Follow-up

A strong follow-up effort from a code analysis meeting is as critical to the success of the overall code analysis as are the steps leading to the report itself.

We assume that the primary responsibility for implementing changes falls to the author or experiment that owns the code. We further assume that this work will be carried out in consultation with the experts participating in the code analysis, the core LArSoft team, and the offline management of the relevant experiment.

The details of the follow-up work, as for the code analysis meetings, should be tailored to the particular code analysis meeting, the types of recommendations, and the effort available. The following tasks will ensure that the follow-up work is properly specified and tracked, and that any more generally useful conclusions will be disseminated.

  • Code authors define the scope of follow-up work and create a prioritized task list in consultation with the core LArSoft team and experiment offline management.
  • A set of issues entered into the LArSoft issue tracker for each of the tasks to be completed. It is expected that experiments may also choose to independently track issues for which they are responsible.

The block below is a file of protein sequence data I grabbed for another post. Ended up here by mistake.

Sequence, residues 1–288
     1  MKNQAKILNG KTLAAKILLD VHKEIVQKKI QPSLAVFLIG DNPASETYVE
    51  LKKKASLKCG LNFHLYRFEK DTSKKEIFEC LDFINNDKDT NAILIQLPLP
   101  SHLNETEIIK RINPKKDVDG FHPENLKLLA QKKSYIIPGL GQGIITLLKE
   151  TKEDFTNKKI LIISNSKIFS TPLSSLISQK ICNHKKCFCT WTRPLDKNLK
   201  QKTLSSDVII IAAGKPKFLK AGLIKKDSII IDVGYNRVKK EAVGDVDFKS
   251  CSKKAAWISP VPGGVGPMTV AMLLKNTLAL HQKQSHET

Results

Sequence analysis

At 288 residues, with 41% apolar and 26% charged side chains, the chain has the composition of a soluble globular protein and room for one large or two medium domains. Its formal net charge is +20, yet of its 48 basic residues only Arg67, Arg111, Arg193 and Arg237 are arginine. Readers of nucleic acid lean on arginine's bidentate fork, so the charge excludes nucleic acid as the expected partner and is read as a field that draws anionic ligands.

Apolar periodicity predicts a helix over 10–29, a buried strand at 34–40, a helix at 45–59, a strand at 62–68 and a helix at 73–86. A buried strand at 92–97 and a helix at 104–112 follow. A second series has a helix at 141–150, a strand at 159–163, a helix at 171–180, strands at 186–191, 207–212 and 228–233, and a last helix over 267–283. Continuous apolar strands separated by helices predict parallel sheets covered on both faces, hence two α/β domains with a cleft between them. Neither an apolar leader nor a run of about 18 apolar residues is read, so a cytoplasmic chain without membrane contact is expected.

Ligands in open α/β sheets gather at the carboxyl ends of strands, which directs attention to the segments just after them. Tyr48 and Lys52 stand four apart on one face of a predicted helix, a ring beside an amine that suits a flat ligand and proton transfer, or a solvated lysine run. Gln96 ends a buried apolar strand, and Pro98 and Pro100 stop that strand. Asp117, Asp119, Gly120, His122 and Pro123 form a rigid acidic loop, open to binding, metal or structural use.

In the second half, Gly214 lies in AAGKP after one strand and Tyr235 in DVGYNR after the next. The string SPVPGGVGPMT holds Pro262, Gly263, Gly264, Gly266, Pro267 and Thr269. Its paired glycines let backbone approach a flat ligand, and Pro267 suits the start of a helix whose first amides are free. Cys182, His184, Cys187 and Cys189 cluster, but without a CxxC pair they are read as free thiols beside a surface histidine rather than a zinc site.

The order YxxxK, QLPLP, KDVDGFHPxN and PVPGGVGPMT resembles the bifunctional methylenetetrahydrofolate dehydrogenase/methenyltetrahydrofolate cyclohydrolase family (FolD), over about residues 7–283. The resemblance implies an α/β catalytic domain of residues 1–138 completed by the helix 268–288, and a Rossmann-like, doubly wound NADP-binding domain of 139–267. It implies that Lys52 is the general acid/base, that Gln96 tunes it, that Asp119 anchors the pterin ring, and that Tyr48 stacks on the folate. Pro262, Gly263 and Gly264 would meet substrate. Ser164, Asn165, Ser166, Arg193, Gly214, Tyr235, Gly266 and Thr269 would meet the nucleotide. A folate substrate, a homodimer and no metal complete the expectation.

• A set of milestones entered into the LArSoft issue tracker that describe overall targets for the follow-up work. Each of the tasks should be under one of the milestones.
  • Regular reports on the progress toward these milestones given at an appropriate meeting (experiment or LArSoft).
  • Reporting of lessons learned in a document available to the LArSoft community.
  • All such lessons learned should be accumulated in a single location.
  • A brief report of such lessons learned may be appropriate in cases when they are or broad interest.

Reference

The above process is based on the recommendations at http://cd-docdb.fnal.gov/cgi-bin/ShowDocument?docid=5765 which modified the original process at https://cdcvs.fnal.gov/redmine/projects/larsoft/wiki/Code_analysis_process_and_tools/4

History

Original proposal for code analysis is as given in slides at the steering meeting